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The following are the Biology in the Real World talks that have taken place at the Association for Science Education's Annual Conference:

2018

In 2018, the talks for Biology in the Real World theme was Separating fact from fiction:

2017

In 2017, the talks focused on Biology around the world:

  • Fertility and the future of IVF (Dr Sophie Clarke, Imperial College London)
  • Food security (Professor Peter Gregory, University of Reading)
  • Influenza: discoveries and controversies (Professor Wendy Barclay, Imperial College London)
  • Games of thrones: conflict and cooperation from fish to finance (Dr Rupert Marshall, Aberystwyth University)
  • Making sense of stress in the wild (Dr Kimberley Bennett, Abertay University)
  • New horizons in stem cell research (Dr Julie Holder, Roslin Cell Sciences)
  • Plant disease: the human story (Professor Gary Foster, University of Bristol)
  • Biodiversity and tropical agriculture (Dr Ed Turner, University of Cambridge)

2016

In 2016, the talks focused on Biology from the inside:

  • 10% human: the impact of microbial partners on animal life (Professor Greg Hurst, University of Liverpool)
  • Biofilms: greater than the sum of their parts (Professor Jo Verran, Manchester Metropolitan University)
  • Britain's plant health scientists (Dr Charles Lane, Fera Science)
  • Hormones, homeostasis and health (Professor Saffron Whitehead, Society for Endocrinology)
  • Personalised medicines (Dr Virginia Acha, Association of the British Pharmaceutical Industry & British Pharmacological Society)
  • The physiological responses to physical activity (Dr Gladys Onambele-Pearson, Manchester Metropolitan University)

2015

In 2015, the talks focused on A voyage of discovery:

  • Osteoporosis: rhe final frontier (Dr Adrian Moore, University College Birmingham)
  • Growing cells in a new dimension (Professor Stefan Przyborski, Durham University)
  • Space flight: a model of human ageing (Professor Stephen Harridge, King’s College London)
  • Life on Mars: the past and the possibilities (Dr Louisa Preston, University of Cambridge)
  • Beloved barnacles: learning from Darwin’s collections (Miranda Lowe, Natural History Museum)
  • Life in town: adapting to city life (Linda Birkin, University of Sussex)
  • Wandering seabirds (Professor Tim Guilford, Oxford University)

2014

In 2014, the talks focused on Powering life:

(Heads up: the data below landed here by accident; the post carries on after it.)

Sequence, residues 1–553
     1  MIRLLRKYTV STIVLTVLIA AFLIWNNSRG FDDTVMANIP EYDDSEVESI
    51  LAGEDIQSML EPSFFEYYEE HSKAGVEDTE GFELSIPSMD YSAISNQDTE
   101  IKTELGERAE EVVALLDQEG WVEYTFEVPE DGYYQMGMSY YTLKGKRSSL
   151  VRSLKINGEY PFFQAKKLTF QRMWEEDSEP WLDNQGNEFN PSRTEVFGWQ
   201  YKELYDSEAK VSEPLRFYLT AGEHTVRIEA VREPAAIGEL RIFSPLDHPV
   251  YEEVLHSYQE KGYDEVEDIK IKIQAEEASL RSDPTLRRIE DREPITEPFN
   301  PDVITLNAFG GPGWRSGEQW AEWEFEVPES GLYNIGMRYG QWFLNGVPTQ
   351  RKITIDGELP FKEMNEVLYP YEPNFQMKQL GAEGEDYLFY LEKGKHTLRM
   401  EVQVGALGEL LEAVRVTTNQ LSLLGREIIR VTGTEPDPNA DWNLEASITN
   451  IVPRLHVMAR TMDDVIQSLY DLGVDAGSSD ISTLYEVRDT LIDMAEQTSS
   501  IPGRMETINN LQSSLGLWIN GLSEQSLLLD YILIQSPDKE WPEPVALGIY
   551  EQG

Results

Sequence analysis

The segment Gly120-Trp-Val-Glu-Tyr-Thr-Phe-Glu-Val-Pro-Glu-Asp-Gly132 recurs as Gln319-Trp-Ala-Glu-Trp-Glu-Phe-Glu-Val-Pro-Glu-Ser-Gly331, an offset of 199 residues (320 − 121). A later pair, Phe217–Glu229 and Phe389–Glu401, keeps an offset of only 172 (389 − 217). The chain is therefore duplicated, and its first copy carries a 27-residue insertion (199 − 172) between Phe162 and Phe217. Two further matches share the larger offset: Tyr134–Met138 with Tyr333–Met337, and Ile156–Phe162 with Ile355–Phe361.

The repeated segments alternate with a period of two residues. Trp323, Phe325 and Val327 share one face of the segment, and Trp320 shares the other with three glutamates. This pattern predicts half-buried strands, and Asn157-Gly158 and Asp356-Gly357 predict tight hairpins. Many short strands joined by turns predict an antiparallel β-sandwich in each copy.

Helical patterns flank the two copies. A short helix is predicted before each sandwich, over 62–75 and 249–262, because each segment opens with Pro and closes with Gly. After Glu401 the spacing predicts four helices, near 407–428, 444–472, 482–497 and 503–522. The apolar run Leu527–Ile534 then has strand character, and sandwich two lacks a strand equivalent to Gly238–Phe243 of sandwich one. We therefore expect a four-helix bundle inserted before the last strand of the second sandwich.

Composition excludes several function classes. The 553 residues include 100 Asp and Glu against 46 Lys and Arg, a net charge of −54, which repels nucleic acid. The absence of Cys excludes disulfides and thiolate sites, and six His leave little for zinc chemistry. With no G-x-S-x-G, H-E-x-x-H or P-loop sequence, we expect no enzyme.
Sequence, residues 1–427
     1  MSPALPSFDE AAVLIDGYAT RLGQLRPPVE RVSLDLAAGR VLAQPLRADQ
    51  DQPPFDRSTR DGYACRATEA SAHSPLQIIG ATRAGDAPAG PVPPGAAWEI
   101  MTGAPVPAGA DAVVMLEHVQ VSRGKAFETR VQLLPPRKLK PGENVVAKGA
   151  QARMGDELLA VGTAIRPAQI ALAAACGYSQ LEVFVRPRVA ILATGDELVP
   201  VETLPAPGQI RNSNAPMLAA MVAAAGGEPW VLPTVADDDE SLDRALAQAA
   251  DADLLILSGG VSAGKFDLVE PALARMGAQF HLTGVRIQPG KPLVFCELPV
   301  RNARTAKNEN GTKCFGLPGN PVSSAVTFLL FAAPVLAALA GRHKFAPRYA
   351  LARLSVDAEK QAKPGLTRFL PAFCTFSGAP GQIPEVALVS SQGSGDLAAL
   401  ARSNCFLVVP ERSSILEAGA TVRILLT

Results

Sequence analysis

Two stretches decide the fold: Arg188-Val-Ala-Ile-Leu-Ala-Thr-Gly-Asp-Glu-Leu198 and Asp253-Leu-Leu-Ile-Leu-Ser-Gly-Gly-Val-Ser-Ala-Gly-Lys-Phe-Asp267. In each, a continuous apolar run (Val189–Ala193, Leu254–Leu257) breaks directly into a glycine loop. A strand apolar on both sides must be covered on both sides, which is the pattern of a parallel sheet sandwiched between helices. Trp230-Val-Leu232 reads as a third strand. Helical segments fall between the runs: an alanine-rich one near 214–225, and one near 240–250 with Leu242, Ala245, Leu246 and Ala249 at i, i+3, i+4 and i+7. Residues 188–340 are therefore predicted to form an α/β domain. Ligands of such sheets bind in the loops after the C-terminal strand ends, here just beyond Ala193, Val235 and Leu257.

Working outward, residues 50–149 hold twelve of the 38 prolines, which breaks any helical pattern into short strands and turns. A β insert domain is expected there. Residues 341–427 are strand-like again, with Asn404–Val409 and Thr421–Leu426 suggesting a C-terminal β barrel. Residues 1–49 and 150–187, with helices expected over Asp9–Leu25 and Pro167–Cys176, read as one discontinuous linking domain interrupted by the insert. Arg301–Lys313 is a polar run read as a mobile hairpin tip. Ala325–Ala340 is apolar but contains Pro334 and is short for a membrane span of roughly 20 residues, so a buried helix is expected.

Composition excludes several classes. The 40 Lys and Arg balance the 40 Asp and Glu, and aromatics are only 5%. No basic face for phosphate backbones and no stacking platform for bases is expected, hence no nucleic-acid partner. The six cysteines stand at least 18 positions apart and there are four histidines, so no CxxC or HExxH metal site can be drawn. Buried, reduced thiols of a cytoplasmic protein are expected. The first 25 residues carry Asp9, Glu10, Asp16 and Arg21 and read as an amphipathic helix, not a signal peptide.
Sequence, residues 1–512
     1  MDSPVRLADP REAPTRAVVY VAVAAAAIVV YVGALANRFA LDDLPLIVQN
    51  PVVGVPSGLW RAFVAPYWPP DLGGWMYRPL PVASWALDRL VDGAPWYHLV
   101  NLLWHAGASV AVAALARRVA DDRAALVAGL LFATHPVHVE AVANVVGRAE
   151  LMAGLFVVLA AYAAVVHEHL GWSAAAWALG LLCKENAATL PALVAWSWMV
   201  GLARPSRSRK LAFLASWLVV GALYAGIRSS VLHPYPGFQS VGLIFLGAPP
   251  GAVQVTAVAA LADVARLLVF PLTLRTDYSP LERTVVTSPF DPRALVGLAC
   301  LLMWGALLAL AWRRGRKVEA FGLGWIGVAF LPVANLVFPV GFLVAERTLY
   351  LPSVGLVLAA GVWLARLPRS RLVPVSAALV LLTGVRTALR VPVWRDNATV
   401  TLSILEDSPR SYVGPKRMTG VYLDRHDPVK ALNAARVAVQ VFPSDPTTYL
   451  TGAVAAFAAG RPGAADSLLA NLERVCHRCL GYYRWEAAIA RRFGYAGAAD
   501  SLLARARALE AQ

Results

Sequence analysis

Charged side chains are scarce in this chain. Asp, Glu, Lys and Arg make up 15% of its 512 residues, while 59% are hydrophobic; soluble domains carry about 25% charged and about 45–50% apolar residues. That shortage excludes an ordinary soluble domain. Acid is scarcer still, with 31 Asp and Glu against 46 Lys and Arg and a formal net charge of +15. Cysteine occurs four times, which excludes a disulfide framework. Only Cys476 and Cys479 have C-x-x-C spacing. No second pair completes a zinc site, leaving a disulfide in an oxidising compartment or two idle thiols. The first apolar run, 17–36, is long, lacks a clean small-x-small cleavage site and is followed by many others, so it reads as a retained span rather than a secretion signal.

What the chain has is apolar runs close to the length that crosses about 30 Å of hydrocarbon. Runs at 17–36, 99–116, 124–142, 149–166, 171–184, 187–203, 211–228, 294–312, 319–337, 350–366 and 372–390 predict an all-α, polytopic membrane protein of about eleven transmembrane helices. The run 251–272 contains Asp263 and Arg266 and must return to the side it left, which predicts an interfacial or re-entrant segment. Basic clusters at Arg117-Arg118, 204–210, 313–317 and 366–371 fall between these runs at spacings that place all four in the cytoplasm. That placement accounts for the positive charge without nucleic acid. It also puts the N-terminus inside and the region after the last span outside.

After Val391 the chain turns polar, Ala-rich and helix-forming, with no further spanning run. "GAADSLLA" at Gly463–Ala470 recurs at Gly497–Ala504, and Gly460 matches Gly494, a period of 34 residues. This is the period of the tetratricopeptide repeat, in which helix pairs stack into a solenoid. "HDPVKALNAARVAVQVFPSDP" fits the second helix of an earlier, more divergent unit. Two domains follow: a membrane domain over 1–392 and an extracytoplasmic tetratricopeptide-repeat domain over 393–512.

• Mighty mitochondria (Dr Daniel Tennant, University of Birmingham)
  • Waste into energy (Dr Angela Murray, University of Birmingham)
  • Metabolism and energy balance (Professor Julian Hamilton, University of Bristol)
  • Natural selection as the power house of diversity: adaptation of form and behaviour to the environment (Dr Susannah KS Thorpe, University of Birmingham)
  • Life without light (Dr Rich Boden, Plymouth University)
  • Drug development: the unexpected role of plants (Dr Alison Foster, University of Oxford)
  • Plants and pressure (Dr Jeremy Prichard, University of Birmingham)

2013

In 2013, the talks focused on Brilliant breakthroughs:

  • Brewing-up the technologies of tomorrow with synthetic biology (Tom Ellis, Imperial College, London)
  • Eye research (Russell Foster, University of Oxford)
  • Tuberculosis (Helen McShane, University of Oxford)
  • Cannabis and epilepsy (Ben Whalley, University of Reading)
  • Transforming photosynthesis: frontier biology for a changing world (Colin Osbourne, University of Sheffield)
  • Paris japonica and the discovery of the largest genome (Mike Fay, Royal Botanical Gardens, Kew)
  • Astrobiology: the hunt for alien life (Lewis Dartnell, UCL)
  • Super stable isotopes (Andrew Robertson, University of Exeter)

2012

In 2012, in recognition of the Olympics taking place in the UK, the series of talks focused on A sporting chance:

  • Drugs in sport (Professor David Mottram, Liverpool John Moores University)
  • The systems physiology of exercise (Professor Graham Kemp, University of Liverpool)
  • Fighting fit: how exercise affects your immunity and susceptibility to infection (Professor Michael Gleeson, Loughborough University)
  • The five rings to success (Dr Valerie Gladwell, University of Essex)
  • The race to reproduce (Dr Rob Thomas, Cardiff University)
  • The original Olympic pool: succeeding in extreme conditions (Professor Geoff Boxshall, Natural History Museum)
  • Pressure in the organism Olympics (Dr Jeremy Pritchard, University of Birmingham)

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